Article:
If any one word can describe the NBA since July 1, “absurd,” or some variation of it, might be the best choice.
The lockout was a daily grind of absurdity, with ridiculous claims left and right, and a mind-boggling refusal to move on the final few steps of a deal that could have saved a full season.
Then, the NBA decides to change its mind after setting December 9 as the date to start doing business, opening the door to a flood or rumors that would have Noah scrambling for his tools and some lumber.
THEN, Chris Paul is dealt to the Los Angeles Lakers in a move that has the masses screaming about the farce of a reason “parity” was to keep the NBA locked out. On a day the deal was officially ratified, a small market star was going to a mega-market powerhouse.
THEEEEN, the NBA decided that a trade like that looked bad. So it, as the owner of the New Orleans Hornets, chose a perception of “heavy-handed authoritarianism” over “hypocritical money-grubber” and vetoed the trade, sending players, executives, writers, bloggers and half of Twitter into a frenzied tailspin.
And now, in what may seem like the coup de grace were it not for the sick feeling, based all these recent events, that there is still more absurdity to come, the Orlando Magic are considering tampering charges against the New Jersey Nets. The beauty of this lies somewhere in the Garden State, and an alleged meeting between Howard and owner Mikhail Prohkerov Thursday night.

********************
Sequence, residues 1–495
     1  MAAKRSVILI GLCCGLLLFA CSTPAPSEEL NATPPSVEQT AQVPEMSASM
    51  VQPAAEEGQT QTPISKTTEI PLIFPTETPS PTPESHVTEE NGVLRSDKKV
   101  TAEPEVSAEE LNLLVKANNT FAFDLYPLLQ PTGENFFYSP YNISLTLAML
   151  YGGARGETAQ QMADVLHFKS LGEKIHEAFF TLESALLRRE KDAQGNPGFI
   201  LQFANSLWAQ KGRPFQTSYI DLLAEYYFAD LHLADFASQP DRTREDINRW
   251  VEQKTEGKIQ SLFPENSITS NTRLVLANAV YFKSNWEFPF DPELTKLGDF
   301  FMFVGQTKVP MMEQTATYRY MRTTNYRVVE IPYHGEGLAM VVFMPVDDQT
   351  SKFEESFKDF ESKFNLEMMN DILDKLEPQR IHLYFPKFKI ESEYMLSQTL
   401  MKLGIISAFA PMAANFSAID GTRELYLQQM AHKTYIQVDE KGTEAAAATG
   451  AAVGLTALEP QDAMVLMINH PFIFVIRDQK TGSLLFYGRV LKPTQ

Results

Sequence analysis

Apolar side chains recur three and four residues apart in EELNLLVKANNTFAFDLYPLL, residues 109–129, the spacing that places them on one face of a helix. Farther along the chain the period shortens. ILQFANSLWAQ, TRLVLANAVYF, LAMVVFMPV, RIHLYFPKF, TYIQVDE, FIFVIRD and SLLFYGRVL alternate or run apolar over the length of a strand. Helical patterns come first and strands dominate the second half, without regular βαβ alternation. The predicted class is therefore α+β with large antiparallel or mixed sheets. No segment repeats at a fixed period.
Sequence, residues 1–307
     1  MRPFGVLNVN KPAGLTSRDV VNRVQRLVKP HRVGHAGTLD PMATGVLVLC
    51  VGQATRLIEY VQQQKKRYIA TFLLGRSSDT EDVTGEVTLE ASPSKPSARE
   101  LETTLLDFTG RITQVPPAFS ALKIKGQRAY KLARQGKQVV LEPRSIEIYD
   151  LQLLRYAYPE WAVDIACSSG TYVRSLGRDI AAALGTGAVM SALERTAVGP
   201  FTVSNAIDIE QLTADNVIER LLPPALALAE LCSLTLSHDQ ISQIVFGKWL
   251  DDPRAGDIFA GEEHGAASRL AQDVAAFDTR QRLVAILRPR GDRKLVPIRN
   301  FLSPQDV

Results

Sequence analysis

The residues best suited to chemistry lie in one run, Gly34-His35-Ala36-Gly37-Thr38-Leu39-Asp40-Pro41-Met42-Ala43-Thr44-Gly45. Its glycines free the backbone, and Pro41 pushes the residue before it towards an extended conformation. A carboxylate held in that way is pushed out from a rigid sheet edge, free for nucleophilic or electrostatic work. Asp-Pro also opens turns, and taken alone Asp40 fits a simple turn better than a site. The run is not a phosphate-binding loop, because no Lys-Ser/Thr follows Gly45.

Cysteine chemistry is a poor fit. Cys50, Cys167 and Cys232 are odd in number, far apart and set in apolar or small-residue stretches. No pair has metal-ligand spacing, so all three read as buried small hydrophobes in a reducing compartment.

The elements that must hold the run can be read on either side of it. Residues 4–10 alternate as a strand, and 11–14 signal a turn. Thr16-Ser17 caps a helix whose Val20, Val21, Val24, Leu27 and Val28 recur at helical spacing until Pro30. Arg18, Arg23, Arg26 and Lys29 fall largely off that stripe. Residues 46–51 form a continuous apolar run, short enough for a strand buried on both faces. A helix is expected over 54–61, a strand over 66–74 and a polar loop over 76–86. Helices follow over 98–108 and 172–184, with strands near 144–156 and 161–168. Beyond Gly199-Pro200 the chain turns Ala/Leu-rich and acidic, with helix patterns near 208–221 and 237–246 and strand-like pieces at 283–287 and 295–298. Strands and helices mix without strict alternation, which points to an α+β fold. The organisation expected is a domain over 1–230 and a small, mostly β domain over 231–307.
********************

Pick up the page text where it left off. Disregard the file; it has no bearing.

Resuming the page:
Perhaps, then, it’s no surprise that a story dropped early Friday morning that Dwight would be requesting a trade to the Nets. The timing seems right. A meeting (allegedly) with the Nets owner leading to this leaked story fits the timeline. It also fits the circus the NBA has become. A jet-setting Russian billionaire encroaching on the New York Knicks’ turf flouts the NBA’s rules and meets with one of the league’s biggest stars.
And if these charges have merit, the Nets could be punished to a point where they lose the necessary assets to trade for Howard, and thus keep Deron Williams appeased enough to stay.
These are two teams who think they might be on the verge of doing something pretty good with the right moves. Maybe they got too desperate and pushed the limits too far. Maybe this will all end up being nothing, and the saga will continue with Orlando seemingly trying to both appease Howard by trading for role players he likes, and testing the market to see what they can get back for him.
What I do know is this: This isn’t the last absurd story we’ll read about the NBA. The last 24 hours have been mind-blowing. The last six months have been mind-numbing. David Stern had a vision of forever changing the NBA with his lockout, and he might have done that. But there’s no way in hell this is what he was thinking.